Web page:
MEDIA SPOTLIGHT: What are the weekly men's magazines made of?

Zoo Weekly and Nuts target men with a similar offer but which is best?

After a 2003 characterised by a paucity of launches from major magazine publishers, 2004 has started with the sledgehammer of two major debuts and the creation of a new market: men's weekly magazines.

Sledgehammer in impact because of the massive marketing spend behind each title (Emap is backing its Zoo Weekly magazine with £10 million and IPC Media is supporting its Nuts with £8 million) but also because of the tone of the magazines.

These are titles that leave nothing to the imagination. The first newsstand issue of Nuts features "Britain's No 1 Babe", Kelly Brook, cavorting on all fours while Zoo opts for a semi-naked Christina Aguilera alongside the immortal line: "Sexy pics! Dirrty talk."

Already the bunfight has started between the two rivals with IPC claiming the moral high ground, arguing that its title is not a lads' mag but a "men's mag" that appeals to 18- to 34-year-olds with the potential to attract some readers from outside this age range. Emap is pitching for a similar audience, 18- to 30-year-olds, with an unrestrained diet of "100 pages of girls, football & funny stuff".

Circulation revenue may prove to be of greater importance to the publishers than ad revenues with these weekly titles, but what do the launches offer to advertisers? Do they differ at all from the rash of monthly men's titles and is the editorial any good?

Tim Brooks, the managing director of IPC Ignite!, was part of the Nuts launch team. He says: "We are offering topicality and magazine production values that create a higher impact than newspapers. There are no pretensions, it's a mass-market product that is trying to entertain people."

Brooks believes that since newspapers have started going after female readers, there is room for products that offer an exclusively male audience: "Advertisers are getting high repro quality at a high frequency and low wastage in large numbers. This is not a combination currently available to them."

IPC argues that Nuts is a "higher quality publication" than Zoo Weekly and eschews "tastelessness and vulgarity". It's certainly less "in your face" than Zoo, which, in its free first issue, sports a high naked breast count and a quiz that asks: "Is your Doctor Dr Shipman?"

Paul Merrill, the editor of Zoo Weekly, says: "It's a weekly men's magazine that likes a laugh, will show pictures, up-to-date stuff and will be campaigning on behalf of readers. Zoo will be setting the news agenda for blokes in the UK."

Merrill and Brooks both believe that there is room in the market for both titles and Merrill argues that it is better for Emap that there are two titles creating more momentum for the new market.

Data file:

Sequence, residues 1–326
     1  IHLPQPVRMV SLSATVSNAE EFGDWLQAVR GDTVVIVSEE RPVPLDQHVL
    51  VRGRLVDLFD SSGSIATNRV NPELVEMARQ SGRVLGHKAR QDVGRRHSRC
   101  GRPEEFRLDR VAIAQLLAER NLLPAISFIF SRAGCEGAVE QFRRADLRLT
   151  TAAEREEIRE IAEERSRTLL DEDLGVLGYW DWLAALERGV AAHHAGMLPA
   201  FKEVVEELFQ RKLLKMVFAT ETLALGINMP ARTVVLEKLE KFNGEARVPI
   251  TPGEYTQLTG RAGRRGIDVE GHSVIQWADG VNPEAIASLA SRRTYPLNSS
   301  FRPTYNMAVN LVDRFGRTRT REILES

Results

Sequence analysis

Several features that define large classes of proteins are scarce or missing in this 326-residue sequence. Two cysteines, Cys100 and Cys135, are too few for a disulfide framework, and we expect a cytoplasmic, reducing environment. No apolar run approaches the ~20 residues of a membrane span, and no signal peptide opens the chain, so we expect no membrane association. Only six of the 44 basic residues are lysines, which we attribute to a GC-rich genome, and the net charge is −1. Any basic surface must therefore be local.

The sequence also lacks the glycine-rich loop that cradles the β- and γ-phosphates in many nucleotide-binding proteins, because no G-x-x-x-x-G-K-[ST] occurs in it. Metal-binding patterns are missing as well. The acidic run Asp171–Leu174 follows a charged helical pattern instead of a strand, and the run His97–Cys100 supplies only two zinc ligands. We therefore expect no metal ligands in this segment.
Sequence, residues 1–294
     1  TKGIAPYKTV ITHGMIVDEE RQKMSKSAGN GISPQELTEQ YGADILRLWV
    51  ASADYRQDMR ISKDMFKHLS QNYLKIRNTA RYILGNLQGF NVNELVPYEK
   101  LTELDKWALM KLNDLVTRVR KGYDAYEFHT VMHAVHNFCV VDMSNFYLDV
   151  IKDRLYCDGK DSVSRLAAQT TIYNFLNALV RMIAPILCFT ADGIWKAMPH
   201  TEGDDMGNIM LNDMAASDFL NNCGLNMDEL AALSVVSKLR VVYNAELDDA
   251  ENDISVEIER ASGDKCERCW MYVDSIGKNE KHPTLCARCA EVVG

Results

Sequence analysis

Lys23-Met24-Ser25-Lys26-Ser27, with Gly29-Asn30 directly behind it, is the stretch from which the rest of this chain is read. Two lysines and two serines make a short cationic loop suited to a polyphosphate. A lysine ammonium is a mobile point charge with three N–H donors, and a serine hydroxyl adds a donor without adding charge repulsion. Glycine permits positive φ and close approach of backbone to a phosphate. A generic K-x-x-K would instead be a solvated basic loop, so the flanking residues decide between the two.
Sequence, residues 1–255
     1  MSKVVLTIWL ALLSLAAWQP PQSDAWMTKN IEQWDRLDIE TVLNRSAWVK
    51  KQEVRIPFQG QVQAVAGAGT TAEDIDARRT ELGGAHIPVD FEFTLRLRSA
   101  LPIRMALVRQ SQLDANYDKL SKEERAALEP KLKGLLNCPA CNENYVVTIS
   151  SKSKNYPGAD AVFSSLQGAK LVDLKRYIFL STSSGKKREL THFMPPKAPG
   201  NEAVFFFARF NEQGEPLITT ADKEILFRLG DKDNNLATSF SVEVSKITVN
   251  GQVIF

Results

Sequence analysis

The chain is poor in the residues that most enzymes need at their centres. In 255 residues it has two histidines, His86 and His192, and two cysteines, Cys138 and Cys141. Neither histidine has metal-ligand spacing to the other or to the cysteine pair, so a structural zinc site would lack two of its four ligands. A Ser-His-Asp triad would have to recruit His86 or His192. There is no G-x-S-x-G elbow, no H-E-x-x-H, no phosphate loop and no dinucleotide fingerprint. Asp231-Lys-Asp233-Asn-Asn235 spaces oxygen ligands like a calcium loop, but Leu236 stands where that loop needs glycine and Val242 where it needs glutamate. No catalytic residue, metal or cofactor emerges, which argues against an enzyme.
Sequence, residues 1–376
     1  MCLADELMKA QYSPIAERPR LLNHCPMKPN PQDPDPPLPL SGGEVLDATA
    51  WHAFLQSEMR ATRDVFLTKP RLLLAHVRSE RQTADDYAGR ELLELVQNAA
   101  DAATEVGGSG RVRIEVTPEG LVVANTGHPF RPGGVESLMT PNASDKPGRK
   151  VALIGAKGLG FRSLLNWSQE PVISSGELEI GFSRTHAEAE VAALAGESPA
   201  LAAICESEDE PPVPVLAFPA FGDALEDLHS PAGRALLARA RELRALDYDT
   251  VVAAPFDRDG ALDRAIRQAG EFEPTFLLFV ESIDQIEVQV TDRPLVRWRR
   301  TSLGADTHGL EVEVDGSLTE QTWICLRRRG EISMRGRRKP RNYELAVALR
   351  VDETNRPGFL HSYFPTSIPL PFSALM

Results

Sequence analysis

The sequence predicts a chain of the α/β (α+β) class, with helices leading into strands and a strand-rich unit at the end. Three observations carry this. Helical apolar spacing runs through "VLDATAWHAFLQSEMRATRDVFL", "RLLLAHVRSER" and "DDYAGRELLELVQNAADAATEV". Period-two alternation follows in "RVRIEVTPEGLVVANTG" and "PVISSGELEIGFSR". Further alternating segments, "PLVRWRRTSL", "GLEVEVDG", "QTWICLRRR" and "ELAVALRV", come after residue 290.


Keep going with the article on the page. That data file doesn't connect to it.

However, others believe that the launches will have an impact on men's monthly sales, including IPC's Loaded and Emap's FHM.

Dylan Jones, the editor of GQ, says: "I think this is fascinating. I rather like the magazines but do think that if they do well they'll be cannibalising magazines such as Front, Jack and Maxim. If they're pumping so many copies into the market with men buying a weekly, you have to ask what can FHM or Jack offer that's different?"

Rival publishers believe that men's monthlies will have to raise their game to offset the readers they may lose to the weeklies. Andy Semple, the head of special projects at Dennis Publishing, which publishes Jack and Maxim, argues that the monthlies will reinvest in higher quality in-depth features as a point of difference.

But what does he think of the weeklies? "I think Emap's Zoo is a far stronger product editorially than the IPC one. It's got under the skin of the market and is seizing a mass market of C2DE readers who want girls and gags - and doing it well. Nuts feels slightly apologetic for what it is."

So are we likely to see Dennis taking on its rivals? Semple sits firmly on the fence: "It sounds cowardly. It's a case of never say never but, on the other hand, I can't say we definitely will. We pretty much publish magazines around guys so, if there is a growth in this high-frequency market, we'd be foolish not to look at it."

Some observers believe that a launch from Dennis is unlikely, that the costs involved are prohibitive. "I'd back Richard Desmond (the owner of Northern & Shell) to do it," one senior magazine executive says. "He already has the Daily Star, which is essentially a daily men's mag, and he has the ability to launch things very quickly."

If Desmond, who already publishes titles such as OK! and New! in the weekly market, joins the fray, then IPC and Emap might not have things their own way. But judging from some of the images in Nuts and Zoo, putting balls on the line isn't a problem at either publisher.


Publisher: IPC Media

Cover price: £1.20

Circulation target: 150,000

Number of pages: 100

Advertisers include: Procter & Gamble, five, Dixons, Blockbuster, Hugo


Content: Women, sport, true stories, TV listings, cars

Ad agency: Abbot Mead Vickers BBDO

Naked breast count: 0 (if you count a coat of Dulux as clothing)


Publisher: Emap Consumer Media

Cover price: £1

Circulation target: 150,000

Number of pages: 100

Advertisers include: Quiksilver, HMV, 20th Century Fox, Pulsar,


Content: Women, sport, TV listings, bizarre pictures

Ad agency: NMI Advertising

Naked breast count: 20